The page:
View Description Hide DescriptionA new quantum Monte Carlo (QMC) method for anharmonic vibrational zeropoint energies and transition frequencies is developed, which combines the diagrammatic vibrational manybody perturbation theory based on the Dyson equation with Monte Carlo integration. The infinite sums of the diagrammatic and thus sizeconsistent first and secondorder anharmonic corrections to the energy and selfenergy are expressed as sums of a few m or 2mdimensional integrals of wave functions and a potential energy surface (PES) (m is the vibrational degrees of freedom). Each of these integrals is computed as the integrand (including the value of the PES) divided by the value of a judiciously chosen weight function evaluated on demand at geometries distributed randomly but according to the weight function via the Metropolis algorithm. In this way, the method completely avoids cumbersome evaluation and storage of highorder force constants necessary in the original formulation of the vibrational perturbation theory; it furthermore allows even higherorder force constants essentially up to an infinite order to be taken into account in a scalable, memoryefficient algorithm. The diagrammatic contributions to the frequencydependent selfenergies that are stochastically evaluated at discrete frequencies can be reliably interpolated, allowing the selfconsistent solutions to the Dyson equation to be obtained. This method, therefore, can compute directly and stochastically the transition frequencies of fundamentals and overtones as well as their relative intensities as pole strengths, without fixednode errors that plague some QMC. It is shown that, for an identical PES, the new method reproduces the correct deterministic values of the energies and frequencies within a few cm^{−1} and pole strengths within a few thousandths. With the values of a PES evaluated on the fly at random geometries, the new method captures a noticeably greater proportion of anharmonic effects.

FranckCondon factors perturbed by damped harmonic oscillators: Solvent enhanced X ^{1}A_{g} ↔ A^{1}B_{1u} absorption and fluorescence spectra of perylene
View Description Hide DescriptionDamped harmonic oscillators are utilized to calculate FranckCondon factors within displaced harmonic oscillator approximation. This is practically done by scaling unperturbed Hessian matrix that represents local modes of force constants for molecule in gaseous phase, and then by diagonalizing perturbed Hessian matrix it results in direct modification of Huang–Rhys factors which represent normal modes of solute molecule perturbed by solvent environment. Scaling parameters are empirically introduced for simulating absorption and fluorescence spectra of an isolated solute molecule in solution. The present method is especially useful for simulating vibronic spectra of polycyclic aromatic hydrocarbon molecules in which hydrogen atom vibrations in solution can be scaled equally, namely the same scaling factor being applied to all hydrogen atoms in polycyclic aromatic hydrocarbons. The present method is demonstrated in simulating solvent enhanced X ^{1}Ag ↔ A^{1}B1u absorption and fluorescence spectra of perylene (mediumsized polycyclic aromatic hydrocarbon) in benzene solution. It is found that one of six active normal modes v 10 is actually responsible to the solvent enhancement of spectra observed in experiment. Simulations from all functionals (TD) B3LYP, (TD) B3LYP35, (TD) B3LYP50, and (TD) B3LYP100 draw the same conclusion. Hence, the present method is able to adequately reproduce experimental absorption and fluorescence spectra in both gas and solution phases.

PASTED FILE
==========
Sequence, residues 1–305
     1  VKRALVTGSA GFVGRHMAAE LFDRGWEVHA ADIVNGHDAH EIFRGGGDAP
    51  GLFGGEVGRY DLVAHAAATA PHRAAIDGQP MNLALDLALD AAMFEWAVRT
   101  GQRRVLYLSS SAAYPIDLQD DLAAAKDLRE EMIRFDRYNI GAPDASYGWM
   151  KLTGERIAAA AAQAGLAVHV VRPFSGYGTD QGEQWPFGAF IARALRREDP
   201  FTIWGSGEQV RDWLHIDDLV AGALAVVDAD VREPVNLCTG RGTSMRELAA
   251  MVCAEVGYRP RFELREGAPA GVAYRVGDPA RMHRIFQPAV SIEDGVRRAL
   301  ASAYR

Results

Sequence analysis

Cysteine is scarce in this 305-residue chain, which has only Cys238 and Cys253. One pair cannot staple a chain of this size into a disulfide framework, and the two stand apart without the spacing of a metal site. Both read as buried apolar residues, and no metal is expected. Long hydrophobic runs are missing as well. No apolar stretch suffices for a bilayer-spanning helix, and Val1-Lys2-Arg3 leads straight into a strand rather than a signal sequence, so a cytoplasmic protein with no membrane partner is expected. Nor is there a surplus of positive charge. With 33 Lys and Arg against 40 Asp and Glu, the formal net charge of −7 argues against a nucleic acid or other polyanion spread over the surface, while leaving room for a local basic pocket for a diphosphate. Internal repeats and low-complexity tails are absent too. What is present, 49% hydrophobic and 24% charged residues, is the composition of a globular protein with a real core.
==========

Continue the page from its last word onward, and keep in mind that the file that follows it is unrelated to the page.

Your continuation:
Average local ionization energy generalized to correlated wavefunctions
View Description Hide DescriptionThe average local ionization energy function introduced by Politzer and coworkers [Can. J. Chem.68, 1440 (1990)] as a descriptor of chemical reactivity has a limited utility because it is defined only for onedeterminantal selfconsistentfield methods such as the Hartree–Fock theory and the Kohn–Sham densityfunctional scheme. We reinterpret the negative of the average local ionization energy as the average total energy of an electron at a given point and, by rewriting this quantity in terms of reduced density matrices, arrive at its natural generalization to correlated wavefunctions. The generalized average local electron energy turns out to be the diagonal part of the coordinate representation of the generalized Fock operator divided by the electron density; it reduces to the original definition in terms of canonical orbitals and their eigenvalues for onedeterminantal wavefunctions. The discussion is illustrated with calculations on selected atoms and molecules at various levels of theory.

Validity of virial theorem in allelectron mixed basis density functional, Hartree–Fock, and GW calculations
View Description Hide DescriptionIn this paper, we calculate kinetic and potential energy contributions to the electronic groundstate total energy of several isolated atoms (He, Be, Ne, Mg, Ar, and Ca) by using the local density approximation (LDA) in density functional theory, the Hartree–Fock approximation (HFA), and the selfconsistent GW approximation (GWA). To this end, we have implemented selfconsistent HFA and GWA routines in our allelectron mixed basis code, TOMBO. We confirm that virial theorem is fairly well satisfied in all of these approximations, although the resulting eigenvalue of the highest occupied molecular orbital level, i.e., the negative of the ionization potential, is in excellent agreement only in the case of the GWA. We find that the wave function of the lowest unoccupied molecular orbital level of noble gas atoms is a resonating virtual bound state, and that of the GWA spreads wider than that of the LDA and thinner than that of the HFA.